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Article

Relationships between Severity of Internet Gaming Disorder, Severity of Problematic Social Media Use, Sleep Quality and Psychological Distress

1
Department of Rehabilitation Sciences, The Hong Kong Polytechnic University, Hung Hom, Hong Kong
2
Departments of Psychiatry and Neuroscience and the Child Study Center, School of Medicine, Yale University, New Haven, CT 06511, USA
3
Connecticut Council on Problem Gambling, Wethersfield, CT 06109, USA
4
Connecticut Mental Health Center, New Haven, CT 06519, USA
5
Social Determinants of Health Research Center, Research Institute for Prevention of Non-Communicable Diseases, Qazvin University of Medical Sciences, Qazvin 3419759811, Iran
6
Department of Nursing, School of Health and Welfare, Jönköping University, 55511 Jönköping, Sweden
*
Authors to whom correspondence should be addressed.
Int. J. Environ. Res. Public Health 2020, 17(6), 1879; https://doi.org/10.3390/ijerph17061879
Received: 31 December 2019 / Revised: 10 March 2020 / Accepted: 10 March 2020 / Published: 13 March 2020
Internet gaming and social media use are prevalent and integral to many people’s lives. However, excessive engagement in either could lead to negative health impacts. This study aimed to investigate relationships between severities of internet gaming disorder (IGD) and problematic social media use (operationalized as social media addiction; SMA) with sleep quality and psychological distress among young adults. A cross-sectional study with snowball sampling was conducted among Hong Kong university students in 2019. All participants (n = 300; mean (SD) age = 20.89 (1.48); 122 males (40.67%)) responded to an online survey that included Chinese versions of the Internet Gaming Disorder Scale-Short Form (IGDS9-SF), Bergen Social Media Addiction Scale (BSMAS), Pittsburgh Sleep Quality Index (PSQI), and Depression Anxiety Stress Scales (DASS-21). Multiple linear regressions demonstrated that IGDS-SF9 scores demonstrated associations with psychological distress measures (standardized coefficient (β) = 0.295 for depression, 0.325 for anxiety, 0.339 for stress, all p < 0.001). BSMAS scores showed similar albeit numerically less robust associations (β = 0.235 for depression, p < 0.001; 0.219 for anxiety, p = 0.001; 0.262 for stress, p < 0.001). BSMAS scores demonstrated associations with poorer sleep quality (β = 0.292; p < 0.001) and IGDS9-SF scores (β = 0.157; p = 0.024) showed a significantly less robust association (p = 0.01 for comparing the two βs). These findings suggest that both severities of IGD and SMA associate with more psychological distress and poorer sleep quality, although the strengths of associations may differ. View Full-Text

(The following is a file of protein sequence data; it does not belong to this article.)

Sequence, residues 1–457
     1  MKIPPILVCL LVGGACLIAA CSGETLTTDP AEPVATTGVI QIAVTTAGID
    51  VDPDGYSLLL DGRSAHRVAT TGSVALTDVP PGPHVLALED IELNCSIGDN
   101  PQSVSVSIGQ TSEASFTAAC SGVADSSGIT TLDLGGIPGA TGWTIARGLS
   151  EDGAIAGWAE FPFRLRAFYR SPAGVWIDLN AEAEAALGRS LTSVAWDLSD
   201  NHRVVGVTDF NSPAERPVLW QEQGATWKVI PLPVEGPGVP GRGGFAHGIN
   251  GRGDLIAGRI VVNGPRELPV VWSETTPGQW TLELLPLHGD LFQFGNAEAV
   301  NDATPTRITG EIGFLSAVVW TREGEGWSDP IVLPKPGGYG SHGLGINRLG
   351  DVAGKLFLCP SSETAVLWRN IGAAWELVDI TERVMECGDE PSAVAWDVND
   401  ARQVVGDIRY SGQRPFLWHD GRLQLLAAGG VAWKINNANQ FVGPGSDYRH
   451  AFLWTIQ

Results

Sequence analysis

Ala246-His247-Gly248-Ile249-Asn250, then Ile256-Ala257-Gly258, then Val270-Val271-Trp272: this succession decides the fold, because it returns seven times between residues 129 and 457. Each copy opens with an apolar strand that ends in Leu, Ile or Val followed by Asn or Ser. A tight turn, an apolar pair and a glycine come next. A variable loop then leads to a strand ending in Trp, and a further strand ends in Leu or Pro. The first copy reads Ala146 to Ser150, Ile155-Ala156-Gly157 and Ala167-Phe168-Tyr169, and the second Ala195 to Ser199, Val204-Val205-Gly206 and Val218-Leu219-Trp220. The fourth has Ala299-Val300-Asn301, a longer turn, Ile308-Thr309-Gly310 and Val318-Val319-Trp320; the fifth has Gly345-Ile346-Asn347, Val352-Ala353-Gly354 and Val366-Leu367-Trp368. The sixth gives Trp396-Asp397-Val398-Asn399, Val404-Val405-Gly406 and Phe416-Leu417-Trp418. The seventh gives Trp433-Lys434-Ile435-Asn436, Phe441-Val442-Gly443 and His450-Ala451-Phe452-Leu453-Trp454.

Keywords: gaming; social media; behavior addiction; sleep quality; psychological distress gaming; social media; behavior addiction; sleep quality; psychological distress
MDPI and ACS Style

Wong, H.Y.; Mo, H.Y.; Potenza, M.N.; Chan, M.N.M.; Lau, W.M.; Chui, T.K.; Pakpour, A.H.; Lin, C.-Y. Relationships between Severity of Internet Gaming Disorder, Severity of Problematic Social Media Use, Sleep Quality and Psychological Distress. Int. J. Environ. Res. Public Health 2020, 17, 1879. https://doi.org/10.3390/ijerph17061879

AMA Style

Wong HY, Mo HY, Potenza MN, Chan MNM, Lau WM, Chui TK, Pakpour AH, Lin C-Y. Relationships between Severity of Internet Gaming Disorder, Severity of Problematic Social Media Use, Sleep Quality and Psychological Distress. International Journal of Environmental Research and Public Health. 2020; 17(6):1879. https://doi.org/10.3390/ijerph17061879

Chicago/Turabian Style

Wong, Hiu Y., Hoi Y. Mo, Marc N. Potenza, Mung N.M. Chan, Wai M. Lau, Tsz K. Chui, Amir H. Pakpour, and Chung-Ying Lin. 2020. "Relationships between Severity of Internet Gaming Disorder, Severity of Problematic Social Media Use, Sleep Quality and Psychological Distress" International Journal of Environmental Research and Public Health 17, no. 6: 1879. https://doi.org/10.3390/ijerph17061879

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